Multilevel linear regression models were built for Medicare payments as the dependent variable using OPTN variables and Charlson or Elixhauser comorbidities and OPTN variables and the sum of Charlson or Elixhauser comorbidities. Models with LOS as the dependent variable were built for each comorbidity classification system, containing the same dependent variables as the Medicare payment models. A generalized linear model with Poisson distribution and a log link was used for LOS, as it accounts for the discrete distribution of hospital days. Parameter estimates were expressed as percentage increase (or decrease) in LOS and as a dollar change in Medicare payment versus a reference. For dichotomous variables such as ECD or DCD, the reference case refers to patients without the variable of interest holding all other variables constant. When calculating Medicare payments and LOS in models with the sum of Charlson (range 0-6) or Elixhauser (range 0-11) comorbidities the results compare to patients without comorbidities while all other recipient, donor and transplant factors were held constant. In all models, the intercept was modeled as a random effect and therefore allowed differentiation by transplant center. All analyses were performed in SAS 9.1 (Cary, NC). Proc Mixed [15] was used for the Medicare payment models and Proc Glimmix [16] was used for the LOS models.


Patient population and comorbidities

During this time period, 27,177 patients met initial study criteria: 3,167 patients (12.7%) had missing donor age, 846 (3.39%) had missing recipient BMI and 879 (3.52%) lacked donor BMI. Thus, 24,963 patients remained after excluding patients with missing data in other variables. Most patients were between 30 and 59 years (19,146 [77.8%]), 38,9% were male and 35.11% were African-American. The most prevalent OPTN reported comorbidities were hypertension (n = 18,655 [74.73%]) and diabetes (n = 7,607 [30.47%]). Twenty-five percent of patients had 3 or more Charlson comorbidities and twenty percent of patients had six or more Elixhauser comorbidities. Transplant induction therapy was used in 12,026 patients (48.18%). The most prevalent immunosuppressive regimen at discharge was cyclosporine and mycophenolate mofetil (n = 9,009, 36.09%), with more than 90% of patients receiving steroids at discharge (n = 23,339, 93.49%) (Table (TableII).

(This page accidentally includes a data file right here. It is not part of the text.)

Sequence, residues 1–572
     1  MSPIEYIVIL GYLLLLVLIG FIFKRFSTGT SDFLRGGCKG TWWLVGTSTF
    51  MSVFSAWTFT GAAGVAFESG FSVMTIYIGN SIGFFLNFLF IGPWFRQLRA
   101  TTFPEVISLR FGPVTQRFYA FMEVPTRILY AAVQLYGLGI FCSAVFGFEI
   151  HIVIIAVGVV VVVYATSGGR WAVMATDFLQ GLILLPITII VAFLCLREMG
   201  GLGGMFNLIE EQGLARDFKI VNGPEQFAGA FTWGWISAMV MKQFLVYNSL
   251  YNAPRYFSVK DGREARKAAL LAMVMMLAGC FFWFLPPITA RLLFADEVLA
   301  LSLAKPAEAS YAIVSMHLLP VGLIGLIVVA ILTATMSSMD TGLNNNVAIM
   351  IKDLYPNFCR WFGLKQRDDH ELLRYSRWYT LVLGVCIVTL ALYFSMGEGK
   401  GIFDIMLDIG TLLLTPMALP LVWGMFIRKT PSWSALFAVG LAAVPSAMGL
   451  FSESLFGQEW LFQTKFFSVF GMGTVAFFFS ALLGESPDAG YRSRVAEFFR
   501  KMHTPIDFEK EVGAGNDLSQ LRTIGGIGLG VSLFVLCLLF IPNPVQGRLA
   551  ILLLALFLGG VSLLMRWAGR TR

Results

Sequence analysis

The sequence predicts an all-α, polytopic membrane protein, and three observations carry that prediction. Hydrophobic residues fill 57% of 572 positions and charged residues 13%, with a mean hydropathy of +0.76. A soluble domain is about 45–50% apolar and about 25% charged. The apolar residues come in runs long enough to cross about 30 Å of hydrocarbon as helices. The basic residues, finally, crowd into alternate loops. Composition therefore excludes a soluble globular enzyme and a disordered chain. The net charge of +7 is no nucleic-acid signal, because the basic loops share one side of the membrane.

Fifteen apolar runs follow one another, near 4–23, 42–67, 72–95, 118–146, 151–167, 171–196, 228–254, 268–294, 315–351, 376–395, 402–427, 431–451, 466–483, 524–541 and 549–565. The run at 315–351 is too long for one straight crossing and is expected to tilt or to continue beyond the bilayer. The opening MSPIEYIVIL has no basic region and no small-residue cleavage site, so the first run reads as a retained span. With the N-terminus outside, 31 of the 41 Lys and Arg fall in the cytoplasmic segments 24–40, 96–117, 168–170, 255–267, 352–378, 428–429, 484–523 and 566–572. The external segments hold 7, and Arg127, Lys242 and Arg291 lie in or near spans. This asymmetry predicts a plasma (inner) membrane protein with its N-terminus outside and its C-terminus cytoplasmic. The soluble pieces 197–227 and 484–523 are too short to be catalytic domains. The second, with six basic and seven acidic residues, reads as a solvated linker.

Table I
Patient, donor and transplant characteristics of the study population

Regression estimates for transplant procedure and longer length of stay

Organ Procurement and Transplantation Network factors

The LOS and payments for population average characteristics were 9.48 days and 27,594 respectively. Some of the top 10 OPTN variables associated with highest percentage increase in LOS and Medicare payments were common to both outcomes and included type I diabetes as cause of ESRD, cold ischemia time > 36 h, DCD, dialysis duration longer than 5 years, the presence of DR mismatches, history of myocardial infarction and presence of functional limitations. Donor age (more than 44 years) and unreported CMV sero-pairing were also associated with longer LOS while Hispanic recipient and history of Chronic Obstructive Pulmonary Disease (COPD) were associated with higher Medicare payments (Table (TableII).II). The results of the complete OPTN model are available upon request.